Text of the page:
When the terrifying potential of the Internet revolution dawned on me in 1995, I wrote an op-ed piece for American Banker titled "Sell Out Before Technology Makes You Obsolete."
In it I said that "at some point, after PC-based banking has matured and had its largely foreseeable, evolutionary impact, more thought will be given to what the next transformation will look like." And I predicted that "a second metamorphic stage, with gigantic, network-type entities, will overwhelm all the rest of the traditional deposit-taking segment of banking."
In recent months the personal financial portal has shown promise as a workable, user-friendly tool for consumers. Though the extant entries are in the advanced prototype phase, the stage is at least set for fleshed-out, value-added versions in the near future. One such portal with which I am familiar describes itself as " a Web-based aggregation platform that enables end users to view, update, and manage their asset and liability information." The portal presents itself as a mere window to view, in convenient form, an array of accounts.
I've come to realize that many relationship aspects of consumers' primary bank accounts will be transferred to their portal, and the bank account relegated to a secondary position. In short, the personal financial portal will be the new bank account - regardless of whether it is maintained by a bank, broker, or other entity.
Consumers' loyalty and their identification with these portals are likely to be high. People will fall in love with them - especially if they simplify people's lives.
By extension, when people gain access to banking portals, that will be the time when they are most focused on financial decision-making and most open to ideas. Though the marketing potential here is huge, the challenge will be to keep marketing noise low enough and the site clean enough that the portal remains owned by the consumer as his or her tool and not another mass marketer's attack point. Moreover, the portal's size matters - being either too big or too small won't appeal to consumers.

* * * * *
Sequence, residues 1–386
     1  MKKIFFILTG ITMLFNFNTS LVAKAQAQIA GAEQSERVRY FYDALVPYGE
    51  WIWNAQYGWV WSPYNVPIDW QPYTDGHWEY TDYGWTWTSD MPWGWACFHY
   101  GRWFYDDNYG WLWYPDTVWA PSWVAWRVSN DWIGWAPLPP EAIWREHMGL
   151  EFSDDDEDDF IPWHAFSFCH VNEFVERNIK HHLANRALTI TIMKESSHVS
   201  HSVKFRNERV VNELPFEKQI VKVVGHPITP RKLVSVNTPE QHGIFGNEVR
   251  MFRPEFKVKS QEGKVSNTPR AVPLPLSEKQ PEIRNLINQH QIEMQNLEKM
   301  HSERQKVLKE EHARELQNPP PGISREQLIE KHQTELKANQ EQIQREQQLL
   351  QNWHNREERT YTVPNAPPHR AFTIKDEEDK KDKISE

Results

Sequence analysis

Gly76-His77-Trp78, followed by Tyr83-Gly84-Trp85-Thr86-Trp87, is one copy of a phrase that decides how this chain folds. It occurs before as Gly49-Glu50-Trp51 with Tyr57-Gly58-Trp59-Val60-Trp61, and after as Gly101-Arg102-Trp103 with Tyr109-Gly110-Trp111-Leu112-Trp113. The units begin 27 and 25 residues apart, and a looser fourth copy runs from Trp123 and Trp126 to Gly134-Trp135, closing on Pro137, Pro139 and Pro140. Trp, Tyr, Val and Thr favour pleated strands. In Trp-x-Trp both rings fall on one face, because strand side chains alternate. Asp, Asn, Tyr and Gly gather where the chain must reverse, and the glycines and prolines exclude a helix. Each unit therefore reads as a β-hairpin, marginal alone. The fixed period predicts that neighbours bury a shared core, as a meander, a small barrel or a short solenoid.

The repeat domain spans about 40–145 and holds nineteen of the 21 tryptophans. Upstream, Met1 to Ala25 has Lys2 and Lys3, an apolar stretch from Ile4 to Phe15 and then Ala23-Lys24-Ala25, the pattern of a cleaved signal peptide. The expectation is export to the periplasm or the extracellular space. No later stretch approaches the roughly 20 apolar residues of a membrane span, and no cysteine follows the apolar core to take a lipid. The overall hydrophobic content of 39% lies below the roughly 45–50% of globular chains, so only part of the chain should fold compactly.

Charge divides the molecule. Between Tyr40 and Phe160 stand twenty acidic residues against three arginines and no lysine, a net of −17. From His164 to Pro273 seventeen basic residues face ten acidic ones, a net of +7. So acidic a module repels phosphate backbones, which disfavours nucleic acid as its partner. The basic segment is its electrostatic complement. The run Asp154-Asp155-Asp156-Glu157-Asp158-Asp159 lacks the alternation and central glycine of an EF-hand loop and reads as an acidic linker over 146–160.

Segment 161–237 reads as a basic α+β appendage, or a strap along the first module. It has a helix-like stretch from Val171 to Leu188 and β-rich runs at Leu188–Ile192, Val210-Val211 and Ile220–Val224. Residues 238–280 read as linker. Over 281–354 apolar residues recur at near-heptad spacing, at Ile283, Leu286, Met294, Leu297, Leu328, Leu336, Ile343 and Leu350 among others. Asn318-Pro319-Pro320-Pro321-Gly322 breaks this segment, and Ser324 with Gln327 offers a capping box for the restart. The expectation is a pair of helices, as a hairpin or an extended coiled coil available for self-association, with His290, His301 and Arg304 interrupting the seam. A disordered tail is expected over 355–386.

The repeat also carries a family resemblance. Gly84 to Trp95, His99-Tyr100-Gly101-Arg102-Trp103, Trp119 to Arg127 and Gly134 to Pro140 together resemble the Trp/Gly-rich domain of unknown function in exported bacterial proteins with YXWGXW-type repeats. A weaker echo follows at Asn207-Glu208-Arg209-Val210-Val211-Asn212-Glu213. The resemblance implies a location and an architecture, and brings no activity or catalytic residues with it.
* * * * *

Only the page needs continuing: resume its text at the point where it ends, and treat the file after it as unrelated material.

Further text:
Banks should be well positioned to design and service portals with a balance of marketing material that will be perceived as helpful rather than invasive. At a recent investor conference, a representative of Wells Fargo illustrated how the banking company is moving to "portalize" its Internet bank accounts to include data from its own and third-party bank accounts, credit cards, loans, and brokerage accounts, and is expanding into bill payment, purchasing, travel, and other areas.
The Wells portal may still be in the advanced prototype phase, but it appears the company is ahead of the curve and that it will become increasingly difficult for other banks to catch up.
Instead of resting on its vast branch system or its marketing prowess, Wells is positioning itself to be good at everything in consumer banking, including online banking.
Be they small or even quasi-national branch systems, banks that are behind in Internet banking are becoming more vulnerable to competition, and their weaknesses are worse than they look. In my 1995 article, I theorized that Internet banking would evolve to a point when - I picked 2004 - the value of traditional, branch-oriented deposit-taking would suddenly evaporate. Now I'm more convinced that banks that fail to adapt to electronic banking may similarly evaporate, perhaps forced into an ignominious sale to an Internet megabank for one - one - times book value.
Smart consumer banks will offer an online bank account that fulfills as many of clients' financial management needs as possible. Those that fail to do so will cede the new primary-account relationship to someone else.
Personal financial portals - perhaps they should be called "full-service" portals, recalling bankers' advertising campaigns of the 1960s - should be embraced and owned and rightfully positioned as the new bank account for consumers. If you resist or quibble or wait for proof of consumer acceptance, you could find yourself in big trouble.
What makes a good personal financial portal and exactly how it should function is an interesting topic for discussion. As with most things in business, however, it is probably better to act on some type of plan, even if it is imperfect, than to wait for the just-right approach to be handed to you on a platter. Mr. Johnson is president of Heron Hill Corp., a bank consulting and investment company in Shawnee Mission, Kansas. He is director of two community banks and one regional brokerage firm.